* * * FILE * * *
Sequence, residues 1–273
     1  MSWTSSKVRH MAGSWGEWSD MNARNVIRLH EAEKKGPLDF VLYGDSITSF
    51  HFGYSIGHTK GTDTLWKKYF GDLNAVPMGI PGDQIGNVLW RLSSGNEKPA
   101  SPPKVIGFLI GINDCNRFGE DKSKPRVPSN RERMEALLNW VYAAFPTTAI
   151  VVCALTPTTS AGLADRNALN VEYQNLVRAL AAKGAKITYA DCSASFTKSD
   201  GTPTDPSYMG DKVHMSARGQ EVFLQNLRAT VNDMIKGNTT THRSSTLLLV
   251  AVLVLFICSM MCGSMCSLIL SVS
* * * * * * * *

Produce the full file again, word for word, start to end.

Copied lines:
Sequence, residues 1–273
     1  MSWTSSKVRH MAGSWGEWSD MNARNVIRLH EAEKKGPLDF VLYGDSITSF
    51  HFGYSIGHTK GTDTLWKKYF GDLNAVPMGI PGDQIGNVLW RLSSGNEKPA
   101  SPPKVIGFLI GINDCNRFGE DKSKPRVPSN RERMEALLNW VYAAFPTTAI
   151  VVCALTPTTS AGLADRNALN VEYQNLVRAL AAKGAKITYA DCSASFTKSD
   201  GTPTDPSYMG DKVHMSARGQ EVFLQNLRAT VNDMIKGNTT THRSSTLLLV
   251  AVLVLFICSM MCGSMCSLIL SVS